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Missouri Governor Mike Parson Commissioned, Then Hid, a Study Showing Mask Mandates Save Lives

A protestor holds up a sign to a glass door reading "Governor Parson shame on you"

After spending the entire COVID-19 pandemic refusing to implement a statewide mask mandate (and actively fighting cities and counties that did), Missouri Governor Mike Parson reportedly commissioned a study to look into whether mandates actually helped save lives and reduce the spread of COVID-19. And when that study came back showing that yes, they do, the governor buried it.

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The study of mask mandates was conducted in early November by the state’s Department of Health and Senior Services at the request of the governor, according to reporting from the Missouri Independent. But after the analysis came in, the results were not made public or even apparently shared internally, as they were “kept out of material the department prepared for cabinet meetings.” The study was only obtained by the newspaper and the Documenting COVID-19 Project through a Sunshine Law request.

In an email that was forwarded to Parson, state health Director Donald Kauerauf wrote that while there are a lot of variables that need to be considered, it seems clear that mask mandates do have a big effect on COVID-19 cases and deaths.

“I think we can say with great confidence reviewing the public health literature and then looking at the results in your study that communities where masks were required had a lower positivity rate per 100,000 and experienced lower death rates,” Kauerauf wrote.

The analysis contained graphs showing the difference in cases as well as in death rates between areas where masks were required and areas where they were not. As this annotated version from the Documenting COVID-19 project shows, the results seem pretty clear:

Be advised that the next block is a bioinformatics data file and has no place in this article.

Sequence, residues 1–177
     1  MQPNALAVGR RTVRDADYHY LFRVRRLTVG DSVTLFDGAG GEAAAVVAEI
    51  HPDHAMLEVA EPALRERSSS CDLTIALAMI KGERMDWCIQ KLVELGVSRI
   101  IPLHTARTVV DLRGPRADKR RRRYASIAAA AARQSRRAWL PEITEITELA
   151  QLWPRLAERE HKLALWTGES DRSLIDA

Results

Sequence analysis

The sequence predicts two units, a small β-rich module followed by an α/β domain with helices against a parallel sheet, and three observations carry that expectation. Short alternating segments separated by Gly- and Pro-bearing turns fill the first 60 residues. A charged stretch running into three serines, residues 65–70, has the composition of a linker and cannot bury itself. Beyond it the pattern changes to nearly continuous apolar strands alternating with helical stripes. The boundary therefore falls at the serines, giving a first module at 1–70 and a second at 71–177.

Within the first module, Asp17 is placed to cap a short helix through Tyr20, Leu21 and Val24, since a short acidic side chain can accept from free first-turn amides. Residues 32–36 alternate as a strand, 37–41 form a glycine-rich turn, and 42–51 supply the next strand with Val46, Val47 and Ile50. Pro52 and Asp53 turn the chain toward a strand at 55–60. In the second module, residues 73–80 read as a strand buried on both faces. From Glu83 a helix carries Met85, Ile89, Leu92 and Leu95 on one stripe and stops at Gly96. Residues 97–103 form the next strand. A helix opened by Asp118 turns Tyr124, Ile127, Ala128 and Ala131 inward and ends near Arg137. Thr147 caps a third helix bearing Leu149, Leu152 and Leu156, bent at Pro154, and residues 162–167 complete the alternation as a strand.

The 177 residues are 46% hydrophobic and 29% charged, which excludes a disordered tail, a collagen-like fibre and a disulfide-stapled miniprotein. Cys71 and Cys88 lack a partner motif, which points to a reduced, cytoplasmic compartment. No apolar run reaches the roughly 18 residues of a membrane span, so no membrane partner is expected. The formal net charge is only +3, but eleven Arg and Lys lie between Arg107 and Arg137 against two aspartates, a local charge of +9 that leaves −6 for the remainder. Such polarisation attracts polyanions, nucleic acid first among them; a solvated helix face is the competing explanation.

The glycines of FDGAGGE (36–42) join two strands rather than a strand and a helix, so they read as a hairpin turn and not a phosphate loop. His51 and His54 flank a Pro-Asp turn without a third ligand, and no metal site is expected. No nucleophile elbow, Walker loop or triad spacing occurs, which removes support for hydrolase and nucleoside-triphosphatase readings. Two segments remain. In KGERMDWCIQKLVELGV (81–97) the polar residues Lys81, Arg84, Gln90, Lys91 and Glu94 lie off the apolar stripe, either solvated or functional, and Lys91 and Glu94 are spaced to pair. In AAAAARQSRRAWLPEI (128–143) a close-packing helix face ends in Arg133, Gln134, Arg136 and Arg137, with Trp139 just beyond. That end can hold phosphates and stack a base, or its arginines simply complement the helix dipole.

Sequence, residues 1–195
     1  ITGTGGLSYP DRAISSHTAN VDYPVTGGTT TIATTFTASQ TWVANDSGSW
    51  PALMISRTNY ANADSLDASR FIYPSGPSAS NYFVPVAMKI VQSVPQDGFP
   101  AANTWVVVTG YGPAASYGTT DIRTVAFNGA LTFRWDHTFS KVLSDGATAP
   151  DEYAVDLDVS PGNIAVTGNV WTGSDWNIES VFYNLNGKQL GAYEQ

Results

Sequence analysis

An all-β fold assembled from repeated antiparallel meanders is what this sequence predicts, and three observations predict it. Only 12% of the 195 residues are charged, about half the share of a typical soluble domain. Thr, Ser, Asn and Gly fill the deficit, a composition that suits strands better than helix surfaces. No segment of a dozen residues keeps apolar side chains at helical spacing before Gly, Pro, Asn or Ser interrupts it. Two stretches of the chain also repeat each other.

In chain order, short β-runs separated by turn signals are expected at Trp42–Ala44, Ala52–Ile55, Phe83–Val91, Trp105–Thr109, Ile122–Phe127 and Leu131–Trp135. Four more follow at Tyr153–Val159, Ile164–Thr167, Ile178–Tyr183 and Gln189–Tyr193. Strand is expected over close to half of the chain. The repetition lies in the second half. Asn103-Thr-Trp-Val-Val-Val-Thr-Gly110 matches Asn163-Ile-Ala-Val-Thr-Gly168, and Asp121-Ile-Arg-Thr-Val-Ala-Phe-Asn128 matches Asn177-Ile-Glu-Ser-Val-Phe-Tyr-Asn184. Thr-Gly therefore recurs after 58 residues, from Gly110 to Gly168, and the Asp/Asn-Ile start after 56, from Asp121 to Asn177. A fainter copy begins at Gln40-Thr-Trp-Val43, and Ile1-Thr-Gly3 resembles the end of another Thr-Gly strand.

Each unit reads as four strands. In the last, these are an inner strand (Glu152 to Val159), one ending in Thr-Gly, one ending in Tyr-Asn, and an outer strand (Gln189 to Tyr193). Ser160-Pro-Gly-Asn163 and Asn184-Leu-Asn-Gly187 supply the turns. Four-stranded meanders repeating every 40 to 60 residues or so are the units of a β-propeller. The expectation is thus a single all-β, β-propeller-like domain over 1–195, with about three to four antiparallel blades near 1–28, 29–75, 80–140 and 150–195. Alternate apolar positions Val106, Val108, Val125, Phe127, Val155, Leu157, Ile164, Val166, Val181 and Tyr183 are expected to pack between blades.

When some Missouri cities reinstated their mask mandates earlier this summer, Parson tweeted that doing so was "WRONG." His attorney general Eric Schmitt went further and filed a lawsuit against cities requiring masks. Parson has argued that mask mandates "infringe on our personal liberties" and he's said, "The vaccine is how we rid ourselves of COVID-19, not mask mandates that ignore common sense."

Except Missouri ranks among the lowest vaccination rates in the country, likely thanks in no small part to Parson's role in politicizing the pandemic. And with so many people unvaccinated, the state has continued to see spikes in cases and deaths, leading counties to have to reinstate their mask mandates—which Parson then condemns, further perpetuating that politicization.

St. Louis and St. Louis County still have a mask mandate in place but Kansas City and the surrounding Jackson County ended their mandate early last month. According to the New York Times, "In Missouri, new cases have risen from a daily average of about 1,000 in early November to more than 2,000 this month, and hospitalizations are up 32 percent over the past 14 days."

It's not clear what result Parson was hoping to get from the mask mandate study or why he chose to bury these results. He denied deliberately hiding the analysis, which he received a full month ago, but did not give an explanation for his failure to release the information, nor (not that anyone would ever expect this) an apology for the entirely preventable rise in cases and deaths since he received it.

(via Missouri Independent, image: SAUL LOEB/AFP via Getty Images)

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Vivian Kane
Vivian Kane (she/her) is the Senior News Editor at The Mary Sue, where she's been writing about politics and entertainment (and all the ways in which the two overlap) since the dark days of late 2016. Born in San Francisco and radicalized in Los Angeles, she now lives in Kansas City, Missouri, where she gets to put her MFA to use covering the local theatre scene. She is the co-owner of The Pitch, Kansas City’s alt news and culture magazine, alongside her husband, Brock Wilbur, with whom she also shares many cats.

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